Innovation: what does it mean for restaurateurs?
The dictionary says: “Innovation is a new idea, more effective device or process. …The term innovation can be defined as something original and more effective and, as a consequence, new, that “breaks into” the market or society.”
Do you think your innovation process matches this description?
I’ve spent over 35 years as an executive chef, a global culinary trendologist, and a culinary executive. My clients have included some of the world’s leading food companies, innovative food-preneurs and creative restaurateurs, and I have assisted them in launching on-trend, on-time, great-tasting food products and menu items.
When it comes to menu innovation, focus on culinary trends, business trends, and feedback from your customers.
Culinary trends, business trends and customer feedback
My clients often ask where I look for culinary trends, or how I know the difference between a trend and a fad.
My biggest advice is to look outside your organization, visit food shows, and pay attention to industry trade magazines. If you know what’s happening outside of your kitchen and dining room, you’ll already be in a more creative space. Being aware of what others are doing will also help you differentiate yourself from the competition.
Understanding trends is only the first step. You also need to plan a menu that speaks to your brand.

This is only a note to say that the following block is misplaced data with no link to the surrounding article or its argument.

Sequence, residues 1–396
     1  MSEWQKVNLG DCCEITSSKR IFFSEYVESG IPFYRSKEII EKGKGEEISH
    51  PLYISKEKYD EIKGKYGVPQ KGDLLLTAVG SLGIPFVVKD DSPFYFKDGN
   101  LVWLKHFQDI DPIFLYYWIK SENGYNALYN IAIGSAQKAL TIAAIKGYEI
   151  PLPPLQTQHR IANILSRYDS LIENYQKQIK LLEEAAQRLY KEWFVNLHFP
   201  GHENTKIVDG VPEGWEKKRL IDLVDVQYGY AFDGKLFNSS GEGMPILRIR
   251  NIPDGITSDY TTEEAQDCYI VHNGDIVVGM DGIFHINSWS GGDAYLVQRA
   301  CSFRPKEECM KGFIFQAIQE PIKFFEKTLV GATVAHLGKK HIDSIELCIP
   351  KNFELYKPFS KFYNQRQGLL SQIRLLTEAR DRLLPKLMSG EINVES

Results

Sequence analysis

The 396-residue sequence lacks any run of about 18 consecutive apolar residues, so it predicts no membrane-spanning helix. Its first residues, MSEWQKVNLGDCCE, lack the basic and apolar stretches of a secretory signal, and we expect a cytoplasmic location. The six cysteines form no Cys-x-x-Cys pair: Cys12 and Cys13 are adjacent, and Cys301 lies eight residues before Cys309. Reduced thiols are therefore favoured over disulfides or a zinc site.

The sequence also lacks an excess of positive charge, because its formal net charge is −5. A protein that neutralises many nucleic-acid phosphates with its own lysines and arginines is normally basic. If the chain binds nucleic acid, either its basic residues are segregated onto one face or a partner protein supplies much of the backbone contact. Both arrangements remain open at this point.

I encourage my clients to do an in-depth competitive analysis every nine to twelve months. Think about the restaurants you love to eat at: what do they do to keep you coming back?
And finally, think about your own customers. Who is your target customer, and does your menu speak to them? How do you track customer feedback? When your guests give you insights about what they like or don’t like, be sure to capture it and use this information wisely.
As you think about your next menu, use the information you’ve gathered, think about your brand and what it stands for, and align this with your goals for your business.
Top five keys to innovation
1. Be externally focused
- Be aware of what’s happening outside of your own kitchen
- Can you partner with anyone who thinks differently and will help you develop different ideas?
2. Culinary creativity and strategic marketing
- Blend together culinary awareness and creativity
- Add a strategic marketing plan
- Toss together with an in-depth trend watch report
3. Fill your product development pipeline
- Engage your team in a creative thinking session
- Include industry leaders from both inside and outside the food world
- Translate culinary trends to match your customer base, your product mix, and your vision
4. Competitive analysis
- Know what customers think about your brand and your menu items
- Work with an expert to guide you through a competitive analysis
5. Taste, taste, taste
- Taste above all: great-tasting menu items and food products can lead to increased sales
Christine Couvelier is a Global Culinary Trendologist, Executive Chef and Culinary Executive. Christine is the past Executive Chef of President’s Choice, the Director of Culinary & Beverage/Executive Chef at Cara Operations, and the Chair of The Chef School of George Brown College. She worked on global innovation for Unilever and was the first Director of Culinary Strategy at Maple Leaf Foods. Currently Christine continues to educate, teach, and inspire her customers through her consulting company Culinary Concierge, where she provides culinary solutions to assist clients in launching on-trend, on-time great tasting food products and menu items. For more information, contact Christine by email at taste@ culinaryconcierge.ca or visit www.culinaryconcierge.ca.